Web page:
Thursday, March 4, 2010

Snapshots of America's Shattered Economy

I have been reading a few articles on the state of employment in this so-called "recovery". One is this New York Times article, which is also noteworthy for the 30-somewhat pages of comments by other readers that accompany it. They are very substantial, in that they reflect a growing amount of disenfranchised and disillusioned people who no longer believe in how our economy works, and more specifically, the "American Dream" that has been sold to each and every one of us. I make a habit of going on what are called "doomer" sites (my most often visited being LATOC, or Life After the Oil Crash), and most of the comments seem to echo the kind of material on those forums. If you have an afternoon or you can save your tabs, I recommend going through them. A highly telling and important comment comes from an economist quoted in the main article itself:

“American business is about maximizing shareholder value,” said Allen Sinai, chief global economist at the research firm Decision Economics. “You basically don’t want workers. You hire less, and you try to find capital equipment to replace them.”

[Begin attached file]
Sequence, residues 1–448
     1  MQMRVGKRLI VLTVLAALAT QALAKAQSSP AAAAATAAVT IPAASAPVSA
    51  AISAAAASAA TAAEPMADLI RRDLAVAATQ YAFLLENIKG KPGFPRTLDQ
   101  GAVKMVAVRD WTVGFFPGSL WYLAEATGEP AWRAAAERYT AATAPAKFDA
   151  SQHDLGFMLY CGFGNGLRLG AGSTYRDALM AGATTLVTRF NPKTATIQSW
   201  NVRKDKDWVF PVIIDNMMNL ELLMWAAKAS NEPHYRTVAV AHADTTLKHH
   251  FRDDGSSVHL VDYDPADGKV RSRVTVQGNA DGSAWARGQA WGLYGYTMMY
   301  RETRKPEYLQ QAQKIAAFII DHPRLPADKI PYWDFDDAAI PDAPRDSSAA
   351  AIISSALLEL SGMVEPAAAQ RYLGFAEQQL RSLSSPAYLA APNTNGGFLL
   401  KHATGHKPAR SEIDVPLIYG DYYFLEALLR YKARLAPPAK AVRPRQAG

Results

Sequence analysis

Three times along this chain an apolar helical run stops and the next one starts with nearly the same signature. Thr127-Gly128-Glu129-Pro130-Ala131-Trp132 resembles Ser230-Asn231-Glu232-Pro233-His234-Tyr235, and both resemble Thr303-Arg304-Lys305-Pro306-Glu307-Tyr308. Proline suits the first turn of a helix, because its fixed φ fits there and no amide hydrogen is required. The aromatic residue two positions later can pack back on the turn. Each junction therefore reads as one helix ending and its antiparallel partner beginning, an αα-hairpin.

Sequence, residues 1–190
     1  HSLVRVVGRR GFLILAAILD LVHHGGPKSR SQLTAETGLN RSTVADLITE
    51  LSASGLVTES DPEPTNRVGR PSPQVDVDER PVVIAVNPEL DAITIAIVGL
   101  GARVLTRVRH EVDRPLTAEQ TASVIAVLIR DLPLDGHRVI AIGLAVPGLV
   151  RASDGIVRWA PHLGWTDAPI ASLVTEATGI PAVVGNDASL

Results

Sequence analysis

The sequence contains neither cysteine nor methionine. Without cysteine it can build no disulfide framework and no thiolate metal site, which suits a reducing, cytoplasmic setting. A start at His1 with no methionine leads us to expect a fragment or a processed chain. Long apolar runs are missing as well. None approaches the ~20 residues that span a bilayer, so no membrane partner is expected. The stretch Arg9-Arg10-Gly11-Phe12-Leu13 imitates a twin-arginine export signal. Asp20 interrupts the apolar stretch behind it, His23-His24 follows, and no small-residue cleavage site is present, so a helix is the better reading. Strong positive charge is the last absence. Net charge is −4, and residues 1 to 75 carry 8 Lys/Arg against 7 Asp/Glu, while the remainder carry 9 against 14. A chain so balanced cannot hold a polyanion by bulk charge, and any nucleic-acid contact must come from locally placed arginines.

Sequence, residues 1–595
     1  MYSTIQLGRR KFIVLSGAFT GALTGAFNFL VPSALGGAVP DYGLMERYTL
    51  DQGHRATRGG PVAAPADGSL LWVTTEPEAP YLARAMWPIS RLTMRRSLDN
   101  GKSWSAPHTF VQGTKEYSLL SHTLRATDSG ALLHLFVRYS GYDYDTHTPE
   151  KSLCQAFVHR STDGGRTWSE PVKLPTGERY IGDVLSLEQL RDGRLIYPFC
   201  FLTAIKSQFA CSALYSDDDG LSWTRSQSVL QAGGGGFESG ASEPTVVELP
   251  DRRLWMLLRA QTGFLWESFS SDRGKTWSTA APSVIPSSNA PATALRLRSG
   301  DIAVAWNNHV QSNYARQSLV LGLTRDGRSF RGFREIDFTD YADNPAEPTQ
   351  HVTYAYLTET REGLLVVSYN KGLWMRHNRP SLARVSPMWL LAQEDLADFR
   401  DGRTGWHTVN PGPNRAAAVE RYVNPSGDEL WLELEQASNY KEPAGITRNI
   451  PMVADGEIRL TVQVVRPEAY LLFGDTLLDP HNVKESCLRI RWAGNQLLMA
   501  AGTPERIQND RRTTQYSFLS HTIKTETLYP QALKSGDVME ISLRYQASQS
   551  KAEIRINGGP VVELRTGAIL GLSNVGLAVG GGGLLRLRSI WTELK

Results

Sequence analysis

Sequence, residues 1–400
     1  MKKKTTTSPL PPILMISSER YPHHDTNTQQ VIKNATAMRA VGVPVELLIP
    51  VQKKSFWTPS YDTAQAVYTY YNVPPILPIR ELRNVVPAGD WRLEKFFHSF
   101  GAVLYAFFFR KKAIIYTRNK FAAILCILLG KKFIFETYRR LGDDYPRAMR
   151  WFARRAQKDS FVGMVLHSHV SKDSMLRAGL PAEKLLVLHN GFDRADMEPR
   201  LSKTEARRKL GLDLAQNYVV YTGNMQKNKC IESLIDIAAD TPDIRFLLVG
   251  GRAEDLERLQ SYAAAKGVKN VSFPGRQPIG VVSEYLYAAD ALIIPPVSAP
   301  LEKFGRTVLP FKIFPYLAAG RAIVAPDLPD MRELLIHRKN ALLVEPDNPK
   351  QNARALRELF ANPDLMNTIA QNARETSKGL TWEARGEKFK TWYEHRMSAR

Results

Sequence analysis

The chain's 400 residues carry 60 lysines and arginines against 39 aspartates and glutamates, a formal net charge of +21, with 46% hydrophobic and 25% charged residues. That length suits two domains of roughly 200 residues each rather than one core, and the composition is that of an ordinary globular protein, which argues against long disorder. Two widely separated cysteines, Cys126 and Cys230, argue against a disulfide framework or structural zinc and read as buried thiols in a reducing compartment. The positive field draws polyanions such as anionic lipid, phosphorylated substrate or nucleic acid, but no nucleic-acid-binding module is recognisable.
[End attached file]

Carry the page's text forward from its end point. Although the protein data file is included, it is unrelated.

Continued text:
If that is the philosophy guiding American business, and everything we have seen indicates that it is, than the government instituting any kind of major jobs program or initiative is pointless, if not counterproductive. Just as further tax cuts on business would be counterproductive. They would have you believe that it's the excessive regulation and overtaxation that has resulted in our jobs being outsourced. Actually, their endgame is for zero taxation, zero regulation, zero wages to employees. Their only goal is to siphon off the resources of nations as much as possible, and give nothing back in return. Welfare mothers on food stamps have nothing on business; they are the ultimate deadbeats.

In related news, this article from USA Today dwells on what's left of industrial communities in America, or what they call "the new ghost towns". Manufacturing is dead in America, and the "service economy" is proving to be woefully inadequate in maintaining the wages and benefits that kept America fairly prosperous in the mid to late 20th century.

My only gripe with both articles is that they don't deal with the energy scarities that lie ahead in the future. Even if we weren't presently going through an economic crisis, almost by definition, peak oil would make many of the jobs we currently do obsolete. It also further points to the folly of displaced workers going back to school to re-train themselves in positions for "soft skills" that will likely be useless in a post-peak world.

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